Salman the Persian

Wait, what? Salman who?

Salman al-Farisis, aka Salman the Persian, was also known as the Imam, the Flag of the Flags, the Inheritor of Islam, the Wise Judge, the Knowledgeable Scholar, and One of the House of the Prophet. He was originally a Zoroastrian from a town near Isfahan in Persia. Not much is known about his early life, although legend has it he traveled to Syria to search out the origins of the Christian faith, which he had adopted. While there, he heard of the Prophet Muhammad and set out to meet him, but was captured in the Hijaz (the western quarter of the Arabian peninsula), enslaved, and taken to Medina. He met Muhammad, who eventually released him. After that, Salman became a close companion of the Prophet, joining in all his battles. When a Meccan force of 10,000 men marched on Median in March 627, it was Salman who suggested digging a ditch around the city to hold off the attackers. As a result, 3,000 defenders were able to hold the city. He later helped to conquer Persia at the head of an Arab army. He was appointed governor of the region.

Salman is mentioned in several hadiths (sayings of the prophet), including one in which Muhammad is said to have mentioned to him the names of all 12 imams. This one reason why Salman was so popular amongst the Twelvers (including the Alawites). He was said to be a holy man, who despite commanding thousands of men, preferred to live out of doors (a common claim of Arab and Turkish leaders, who came from a nomadic people that despised the softness engendered by city living).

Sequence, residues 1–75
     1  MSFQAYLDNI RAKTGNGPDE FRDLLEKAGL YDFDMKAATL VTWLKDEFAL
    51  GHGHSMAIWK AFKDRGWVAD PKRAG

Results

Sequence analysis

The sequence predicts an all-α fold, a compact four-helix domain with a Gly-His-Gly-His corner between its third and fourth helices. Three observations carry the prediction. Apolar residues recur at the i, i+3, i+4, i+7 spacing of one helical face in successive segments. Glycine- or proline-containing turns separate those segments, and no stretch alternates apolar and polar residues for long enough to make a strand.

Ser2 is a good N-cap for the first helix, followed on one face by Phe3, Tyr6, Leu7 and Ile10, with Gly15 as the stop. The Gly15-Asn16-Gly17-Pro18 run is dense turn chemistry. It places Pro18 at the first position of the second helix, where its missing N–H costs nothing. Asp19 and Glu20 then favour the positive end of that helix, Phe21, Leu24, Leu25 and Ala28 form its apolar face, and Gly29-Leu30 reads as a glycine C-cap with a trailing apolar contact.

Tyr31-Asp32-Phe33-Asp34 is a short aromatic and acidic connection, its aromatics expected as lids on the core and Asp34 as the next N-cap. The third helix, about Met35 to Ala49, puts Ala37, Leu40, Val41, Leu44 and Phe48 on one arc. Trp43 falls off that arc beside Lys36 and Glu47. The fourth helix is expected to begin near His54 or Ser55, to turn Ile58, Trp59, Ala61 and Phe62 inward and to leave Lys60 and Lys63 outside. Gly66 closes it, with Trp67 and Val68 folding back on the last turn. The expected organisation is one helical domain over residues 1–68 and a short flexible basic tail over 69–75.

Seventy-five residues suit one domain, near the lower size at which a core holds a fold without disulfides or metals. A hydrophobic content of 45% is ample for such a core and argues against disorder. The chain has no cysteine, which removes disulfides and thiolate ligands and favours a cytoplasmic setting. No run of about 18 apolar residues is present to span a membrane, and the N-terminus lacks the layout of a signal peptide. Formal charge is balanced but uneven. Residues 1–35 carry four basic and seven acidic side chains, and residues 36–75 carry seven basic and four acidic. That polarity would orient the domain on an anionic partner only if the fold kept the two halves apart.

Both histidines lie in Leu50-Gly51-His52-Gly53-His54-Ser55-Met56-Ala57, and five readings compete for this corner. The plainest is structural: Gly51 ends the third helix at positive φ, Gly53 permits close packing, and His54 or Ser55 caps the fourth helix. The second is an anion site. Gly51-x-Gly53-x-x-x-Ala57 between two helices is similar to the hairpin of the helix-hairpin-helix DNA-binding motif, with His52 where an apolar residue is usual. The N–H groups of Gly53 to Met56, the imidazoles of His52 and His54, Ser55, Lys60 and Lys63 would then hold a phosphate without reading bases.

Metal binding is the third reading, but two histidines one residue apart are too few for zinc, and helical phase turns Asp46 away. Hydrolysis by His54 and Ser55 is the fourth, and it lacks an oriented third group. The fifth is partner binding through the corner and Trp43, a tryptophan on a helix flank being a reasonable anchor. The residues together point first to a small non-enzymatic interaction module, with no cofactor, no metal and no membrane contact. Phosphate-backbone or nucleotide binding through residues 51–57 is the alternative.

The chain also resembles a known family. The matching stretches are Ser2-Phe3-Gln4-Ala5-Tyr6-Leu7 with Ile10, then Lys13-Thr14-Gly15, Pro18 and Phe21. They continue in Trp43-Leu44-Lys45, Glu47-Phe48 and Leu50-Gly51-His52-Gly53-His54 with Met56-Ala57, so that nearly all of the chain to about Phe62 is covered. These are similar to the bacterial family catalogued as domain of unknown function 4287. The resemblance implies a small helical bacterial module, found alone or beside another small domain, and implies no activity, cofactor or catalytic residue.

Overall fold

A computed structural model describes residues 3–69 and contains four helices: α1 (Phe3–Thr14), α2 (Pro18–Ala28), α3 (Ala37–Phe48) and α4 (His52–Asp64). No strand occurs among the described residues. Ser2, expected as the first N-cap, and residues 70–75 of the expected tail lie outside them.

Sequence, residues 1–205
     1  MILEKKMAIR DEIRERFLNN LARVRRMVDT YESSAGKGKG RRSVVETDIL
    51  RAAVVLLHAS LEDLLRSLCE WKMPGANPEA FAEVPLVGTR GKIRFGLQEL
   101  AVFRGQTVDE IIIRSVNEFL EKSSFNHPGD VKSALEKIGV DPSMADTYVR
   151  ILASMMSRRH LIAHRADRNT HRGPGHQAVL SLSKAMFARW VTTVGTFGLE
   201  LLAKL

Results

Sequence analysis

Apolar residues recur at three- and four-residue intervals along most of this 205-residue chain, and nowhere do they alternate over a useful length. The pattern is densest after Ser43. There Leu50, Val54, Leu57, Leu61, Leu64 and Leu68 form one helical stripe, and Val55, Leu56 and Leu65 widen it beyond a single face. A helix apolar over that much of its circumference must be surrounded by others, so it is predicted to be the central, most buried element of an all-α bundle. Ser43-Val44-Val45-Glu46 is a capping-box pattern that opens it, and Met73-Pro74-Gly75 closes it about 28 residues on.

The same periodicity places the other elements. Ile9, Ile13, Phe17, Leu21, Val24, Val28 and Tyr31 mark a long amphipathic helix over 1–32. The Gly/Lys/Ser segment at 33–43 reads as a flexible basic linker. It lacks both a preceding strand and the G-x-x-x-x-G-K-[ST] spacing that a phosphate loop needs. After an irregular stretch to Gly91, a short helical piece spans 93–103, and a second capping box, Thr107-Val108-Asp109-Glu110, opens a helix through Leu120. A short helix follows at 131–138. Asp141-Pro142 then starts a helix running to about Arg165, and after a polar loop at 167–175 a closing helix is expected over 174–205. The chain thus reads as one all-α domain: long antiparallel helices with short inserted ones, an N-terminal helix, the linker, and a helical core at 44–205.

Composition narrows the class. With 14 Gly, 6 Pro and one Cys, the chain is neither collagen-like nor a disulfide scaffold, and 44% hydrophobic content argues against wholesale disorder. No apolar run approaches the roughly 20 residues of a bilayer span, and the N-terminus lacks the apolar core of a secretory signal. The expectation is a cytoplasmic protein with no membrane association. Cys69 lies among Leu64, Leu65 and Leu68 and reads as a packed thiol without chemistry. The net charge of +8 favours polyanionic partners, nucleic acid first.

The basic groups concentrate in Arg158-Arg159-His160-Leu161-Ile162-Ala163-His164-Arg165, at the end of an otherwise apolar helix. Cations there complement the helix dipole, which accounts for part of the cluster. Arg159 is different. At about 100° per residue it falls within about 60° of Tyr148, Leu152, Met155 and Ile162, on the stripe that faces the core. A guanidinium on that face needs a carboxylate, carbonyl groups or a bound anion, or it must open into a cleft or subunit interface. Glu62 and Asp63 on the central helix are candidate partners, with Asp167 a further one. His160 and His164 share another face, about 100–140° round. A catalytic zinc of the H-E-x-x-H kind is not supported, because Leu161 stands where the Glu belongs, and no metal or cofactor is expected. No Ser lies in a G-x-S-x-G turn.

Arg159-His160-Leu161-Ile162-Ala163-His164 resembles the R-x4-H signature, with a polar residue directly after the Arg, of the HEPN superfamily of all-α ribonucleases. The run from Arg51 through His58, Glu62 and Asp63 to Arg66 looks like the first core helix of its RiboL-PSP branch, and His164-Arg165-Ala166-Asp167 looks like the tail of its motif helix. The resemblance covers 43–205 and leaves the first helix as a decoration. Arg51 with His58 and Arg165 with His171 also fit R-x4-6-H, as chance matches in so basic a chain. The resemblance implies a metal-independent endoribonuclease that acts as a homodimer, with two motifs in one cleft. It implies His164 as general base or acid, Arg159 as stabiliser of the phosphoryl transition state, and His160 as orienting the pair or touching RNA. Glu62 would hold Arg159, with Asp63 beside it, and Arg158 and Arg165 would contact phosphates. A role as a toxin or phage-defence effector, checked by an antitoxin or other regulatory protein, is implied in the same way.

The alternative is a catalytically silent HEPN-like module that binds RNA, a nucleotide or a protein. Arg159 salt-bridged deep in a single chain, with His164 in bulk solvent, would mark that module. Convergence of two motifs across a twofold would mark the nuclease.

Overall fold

As a man who embraced Zoroastrianism, Christianity, and Islam in succession, he is a fitting figure of worship for the eclectic Alawite faith. For the Alawites, he is another version of the angel Gabriel, and an expression of the holy trinity. Their statement of faith is accordingly: “I testify that there is no God but Ali ibn-Talib the one to be worshipped, no Veil but the Lord Muhammad worthy to be praised, and no Gate but the Lord Salman al-Farisi the object of love.”


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